suerkaplan is right about trying to associate good things with thunder. That is an excellent suggestion. A couple of things come to mind about this. I went to a handling seminar several years ago. Often show dogs get stressed at all the sounds and excitement at dog shows. Shows are very noisy when indoors, a lot of barking dogs, talking, PA system etc. I have not had to try either of these things, but here are two things the person giving the seminar suggested and said that it would work for other fears such as thunder. A very small amount of peppermint oil (get from health food store) gently rubbed on the pads of the feet is a natural calmative. The other suggestion was to put a little Vaseline on your finger and rub it on the inside of the ear, down near the ear canal. This is suppose to buffer the noise so that it is not so intense to the dog.

    Personally, I am just mean I guess. When Kelsey recently decided to rip a hole in the wall during a thunder storm. I decided that was not a behavior I wanted to deal with. So, the next storm when she started pacing, panting and carrying on, I made her down and stay and would ignore her until she calmed down. I then gave her a chew toy and again ignored her. If she started to get stressed again, I would put her in the down position and go back to working on the computer. When she saw I was fine and ignoring her, she chewed on her toy a while, then decided a nap was in order. The next storm she was fine, but luckily I nipped it in the bud.
    Good luck, I know this can be very frustrating when your dog is so upset about something.
  7. tx_cowgirl Honored Member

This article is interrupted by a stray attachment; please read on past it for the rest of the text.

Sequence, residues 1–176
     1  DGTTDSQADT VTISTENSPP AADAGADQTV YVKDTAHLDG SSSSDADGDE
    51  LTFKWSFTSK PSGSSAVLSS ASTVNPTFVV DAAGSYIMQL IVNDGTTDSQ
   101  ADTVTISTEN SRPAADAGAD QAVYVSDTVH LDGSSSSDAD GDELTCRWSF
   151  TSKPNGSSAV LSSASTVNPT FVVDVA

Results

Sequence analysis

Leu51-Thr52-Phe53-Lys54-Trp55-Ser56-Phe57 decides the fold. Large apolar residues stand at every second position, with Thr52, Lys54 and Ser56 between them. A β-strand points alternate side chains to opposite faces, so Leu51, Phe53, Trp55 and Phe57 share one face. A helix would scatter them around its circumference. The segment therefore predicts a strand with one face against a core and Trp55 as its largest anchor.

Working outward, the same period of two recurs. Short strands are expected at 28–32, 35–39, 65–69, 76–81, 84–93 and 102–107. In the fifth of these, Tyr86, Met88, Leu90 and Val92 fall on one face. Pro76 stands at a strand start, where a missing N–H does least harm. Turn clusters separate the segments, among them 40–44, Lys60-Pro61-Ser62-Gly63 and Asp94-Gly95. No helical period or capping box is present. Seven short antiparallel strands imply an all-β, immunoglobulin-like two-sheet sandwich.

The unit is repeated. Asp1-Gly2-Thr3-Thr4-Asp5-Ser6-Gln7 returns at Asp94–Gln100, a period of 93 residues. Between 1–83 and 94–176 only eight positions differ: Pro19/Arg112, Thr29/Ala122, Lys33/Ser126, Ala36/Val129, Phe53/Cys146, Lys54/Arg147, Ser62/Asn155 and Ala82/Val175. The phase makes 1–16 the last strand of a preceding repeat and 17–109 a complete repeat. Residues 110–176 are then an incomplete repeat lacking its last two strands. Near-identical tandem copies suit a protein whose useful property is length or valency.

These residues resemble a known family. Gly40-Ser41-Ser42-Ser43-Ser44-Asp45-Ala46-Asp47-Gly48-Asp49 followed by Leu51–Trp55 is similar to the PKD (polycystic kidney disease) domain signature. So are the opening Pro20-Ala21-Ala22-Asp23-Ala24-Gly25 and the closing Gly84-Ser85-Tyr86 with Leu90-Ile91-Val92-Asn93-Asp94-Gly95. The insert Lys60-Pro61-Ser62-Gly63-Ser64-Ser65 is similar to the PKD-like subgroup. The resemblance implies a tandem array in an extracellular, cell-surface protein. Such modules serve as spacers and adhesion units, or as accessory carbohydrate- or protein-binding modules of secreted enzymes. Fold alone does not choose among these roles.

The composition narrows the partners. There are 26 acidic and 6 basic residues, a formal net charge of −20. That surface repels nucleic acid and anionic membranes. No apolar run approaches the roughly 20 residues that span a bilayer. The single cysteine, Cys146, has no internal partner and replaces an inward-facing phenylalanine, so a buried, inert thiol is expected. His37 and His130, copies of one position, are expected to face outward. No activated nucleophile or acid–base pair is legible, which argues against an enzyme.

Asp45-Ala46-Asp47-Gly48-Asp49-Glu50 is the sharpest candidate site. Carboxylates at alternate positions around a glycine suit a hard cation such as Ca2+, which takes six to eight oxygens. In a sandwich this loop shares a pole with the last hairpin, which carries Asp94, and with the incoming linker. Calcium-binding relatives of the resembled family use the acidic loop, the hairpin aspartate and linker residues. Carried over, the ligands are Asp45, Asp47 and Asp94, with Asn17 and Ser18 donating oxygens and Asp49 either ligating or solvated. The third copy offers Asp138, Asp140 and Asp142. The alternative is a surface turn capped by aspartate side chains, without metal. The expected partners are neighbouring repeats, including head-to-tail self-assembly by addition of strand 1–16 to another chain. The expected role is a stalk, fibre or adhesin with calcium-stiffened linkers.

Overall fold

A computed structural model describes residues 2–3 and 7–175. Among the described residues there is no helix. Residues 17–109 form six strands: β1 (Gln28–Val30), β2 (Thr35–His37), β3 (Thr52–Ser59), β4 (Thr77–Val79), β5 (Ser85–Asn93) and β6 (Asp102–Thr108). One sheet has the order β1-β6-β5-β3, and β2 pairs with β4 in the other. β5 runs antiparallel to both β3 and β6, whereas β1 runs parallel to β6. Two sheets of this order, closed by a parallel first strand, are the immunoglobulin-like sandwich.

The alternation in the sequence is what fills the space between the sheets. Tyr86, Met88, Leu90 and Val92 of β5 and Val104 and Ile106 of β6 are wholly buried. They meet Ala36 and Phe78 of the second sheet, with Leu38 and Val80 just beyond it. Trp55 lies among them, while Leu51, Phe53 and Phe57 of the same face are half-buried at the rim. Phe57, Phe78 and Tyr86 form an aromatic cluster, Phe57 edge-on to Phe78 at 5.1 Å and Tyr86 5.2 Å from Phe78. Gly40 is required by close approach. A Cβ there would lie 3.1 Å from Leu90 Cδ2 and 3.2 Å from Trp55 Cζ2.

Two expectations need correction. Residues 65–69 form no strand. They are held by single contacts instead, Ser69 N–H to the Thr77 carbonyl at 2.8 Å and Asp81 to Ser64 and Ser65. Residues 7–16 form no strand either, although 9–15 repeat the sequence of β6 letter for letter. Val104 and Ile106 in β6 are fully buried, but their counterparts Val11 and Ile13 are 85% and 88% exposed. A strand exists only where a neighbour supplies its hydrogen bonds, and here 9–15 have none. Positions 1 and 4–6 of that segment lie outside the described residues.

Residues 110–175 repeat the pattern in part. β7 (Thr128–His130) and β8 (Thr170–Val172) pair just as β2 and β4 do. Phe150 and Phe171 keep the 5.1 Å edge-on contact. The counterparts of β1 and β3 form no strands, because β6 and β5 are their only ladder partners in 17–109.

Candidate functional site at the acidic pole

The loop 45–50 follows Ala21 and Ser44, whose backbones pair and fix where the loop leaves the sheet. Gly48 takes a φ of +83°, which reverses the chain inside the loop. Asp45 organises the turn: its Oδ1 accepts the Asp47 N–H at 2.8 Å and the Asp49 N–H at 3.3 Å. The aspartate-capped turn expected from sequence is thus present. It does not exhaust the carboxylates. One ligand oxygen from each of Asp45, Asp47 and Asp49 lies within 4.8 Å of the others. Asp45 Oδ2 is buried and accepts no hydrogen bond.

You could try having playtime and/or a leisurely walk on a moderately overcast, somewhat windy night. Of course, I would NOT recommend going alone. Make it as fun as possible. However, you'd have to wait on the weather.
    You can purchase CDs specifically for socializiation that will help ease their fear of storms. I know I have a link somewhere but I can't seem to find it. I'll google it and find a supplier. Basically these are just recordings of storm sounds. You can play them (at LOW volumes) at first, at random times. For instance, turn the CD on with the volume barely audible or just louder, and play with her. Leave it on and let it repeat. If she's anxious, you could turn it down a little more. Once she's completely fine with it at that volume(which could take hours, days, weeks...depends on the dog), then turn it up just a little more. Again, once she's used to it at that volume, turn it up more. Keep going until she is comfortable at loud volumes, and then see how she is going out in it(starting with a mild storm). I do suggest dicussing natural sedatives with your vet, or peppermint oil as has been suggested. I know they make ear plugs for horses for the loud environment of horse shows, but I really have no idea if they do this for dogs. You can use cotton though to muffle the sounds of the storms if you have a storm in the middle of her progress. You don't want her to regress.